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February 03, 2018 Saturday 11:01:16 AM IST

Overconfidence Colors Exam Results

Teacher Insights

3 rd February, 2018. Confidence and overconfidence are essential aspects of human nature. However, to measure (over)confidence is not easy. A study conducted by researchers from the Higher School of

Economics, Vrije Universiteit Amsterdam and Tinbergen Institute has analyzed the effects of overconfidence on the results of exams. They studied students’ forecast of the results of their exams by a sample of about 500 second-year graduate students enrolled in a statistics course in Moscow. The course contained three exams and each student produces a forecast for each of the three exams. To estimate overconfidence quantitatively, the researchers have developed a model. The key observations of the study are listed below:

  • Part of a student's grade expectation is based on the student's previous academic achievements; what remains can be interpreted as (over)confidence.
  • The model predicts that students' expectations are not rational and that most students are overconfident.
  • Less obvious is that overconfidence helps: given the same academic achievement, students with larger confidence obtain higher exam grades. Some studies suggest that overconfident students are less successful at exams since they allocate less time and efforts to study. This may be the case for some students, but we find that for most students overconfidence is advantageous, possibly because it increases ambition, morale, resolve, persistence, and hence the probability of success.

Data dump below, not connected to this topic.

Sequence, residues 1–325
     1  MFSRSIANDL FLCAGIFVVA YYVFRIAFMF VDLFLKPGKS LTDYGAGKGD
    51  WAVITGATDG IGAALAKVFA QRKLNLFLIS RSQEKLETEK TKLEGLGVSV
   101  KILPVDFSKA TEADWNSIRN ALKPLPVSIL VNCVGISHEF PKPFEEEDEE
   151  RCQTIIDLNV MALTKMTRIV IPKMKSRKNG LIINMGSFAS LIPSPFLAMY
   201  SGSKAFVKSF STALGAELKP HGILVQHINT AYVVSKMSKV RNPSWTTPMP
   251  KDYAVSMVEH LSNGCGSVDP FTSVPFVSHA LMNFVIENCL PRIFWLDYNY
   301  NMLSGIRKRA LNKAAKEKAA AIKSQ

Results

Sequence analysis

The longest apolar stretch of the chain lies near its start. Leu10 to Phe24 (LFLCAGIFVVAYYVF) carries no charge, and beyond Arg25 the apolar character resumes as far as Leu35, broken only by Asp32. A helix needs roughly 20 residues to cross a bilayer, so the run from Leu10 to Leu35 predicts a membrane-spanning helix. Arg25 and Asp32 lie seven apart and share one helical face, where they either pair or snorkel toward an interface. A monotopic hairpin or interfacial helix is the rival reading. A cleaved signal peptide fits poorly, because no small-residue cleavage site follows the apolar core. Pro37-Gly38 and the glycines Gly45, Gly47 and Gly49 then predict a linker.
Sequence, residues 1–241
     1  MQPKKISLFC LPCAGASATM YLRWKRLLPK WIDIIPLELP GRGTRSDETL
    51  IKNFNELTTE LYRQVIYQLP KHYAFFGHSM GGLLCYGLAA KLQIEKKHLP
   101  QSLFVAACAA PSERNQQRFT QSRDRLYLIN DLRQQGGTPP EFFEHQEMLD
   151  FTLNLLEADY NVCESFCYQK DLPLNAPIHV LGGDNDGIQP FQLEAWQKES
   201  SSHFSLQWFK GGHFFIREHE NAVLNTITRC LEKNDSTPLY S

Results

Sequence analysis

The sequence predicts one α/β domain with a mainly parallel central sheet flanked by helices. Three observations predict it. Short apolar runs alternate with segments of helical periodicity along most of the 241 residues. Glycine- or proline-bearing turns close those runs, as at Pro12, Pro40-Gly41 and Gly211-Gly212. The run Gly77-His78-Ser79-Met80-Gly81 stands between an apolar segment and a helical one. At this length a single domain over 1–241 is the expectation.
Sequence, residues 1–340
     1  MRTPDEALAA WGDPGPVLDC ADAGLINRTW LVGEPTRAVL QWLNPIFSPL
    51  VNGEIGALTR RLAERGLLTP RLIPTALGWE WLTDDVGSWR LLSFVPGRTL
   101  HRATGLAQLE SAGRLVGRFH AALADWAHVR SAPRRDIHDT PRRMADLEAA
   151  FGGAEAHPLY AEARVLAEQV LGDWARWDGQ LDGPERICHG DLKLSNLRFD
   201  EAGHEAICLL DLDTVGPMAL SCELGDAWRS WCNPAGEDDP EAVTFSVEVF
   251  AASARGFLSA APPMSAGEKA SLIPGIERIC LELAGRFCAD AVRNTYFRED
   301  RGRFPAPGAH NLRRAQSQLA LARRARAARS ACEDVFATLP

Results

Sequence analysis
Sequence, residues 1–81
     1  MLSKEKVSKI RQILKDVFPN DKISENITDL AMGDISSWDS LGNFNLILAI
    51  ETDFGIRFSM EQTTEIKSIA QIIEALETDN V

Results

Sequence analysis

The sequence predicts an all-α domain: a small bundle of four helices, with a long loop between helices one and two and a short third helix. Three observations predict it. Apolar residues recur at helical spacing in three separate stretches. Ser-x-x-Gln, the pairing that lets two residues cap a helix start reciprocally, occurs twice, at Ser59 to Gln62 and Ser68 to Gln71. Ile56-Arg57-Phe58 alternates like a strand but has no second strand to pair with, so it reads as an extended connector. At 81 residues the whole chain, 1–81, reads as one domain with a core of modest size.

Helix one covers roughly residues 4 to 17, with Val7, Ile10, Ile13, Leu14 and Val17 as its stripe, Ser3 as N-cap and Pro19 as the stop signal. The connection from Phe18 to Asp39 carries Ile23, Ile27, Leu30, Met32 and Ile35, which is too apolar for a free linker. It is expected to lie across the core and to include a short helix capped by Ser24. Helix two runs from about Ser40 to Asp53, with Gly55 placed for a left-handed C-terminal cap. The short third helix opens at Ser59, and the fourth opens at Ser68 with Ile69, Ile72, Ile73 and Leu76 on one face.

• Female students are less overconfident than male students, their forecasts are more rational, and they are also faster learners in the sense that they adjust their expectations more rapidly.
  • Overconfidence decreases during the course and is smallest at the third exam, which shows that students adjust their expectations as information accrues, in particular when the third exam has a higher weight in the total course grade.
  • Tip to teachers: Don't wait too long in setting your first test. This will help students to adjust their

    expectations at an early stage, and this in turn will be of use to them in their allocation of time and


    effort for the course.

    (For more details: https://www.frontiersin.org/articles/10.3389/fpsyg.2017.02346/full)

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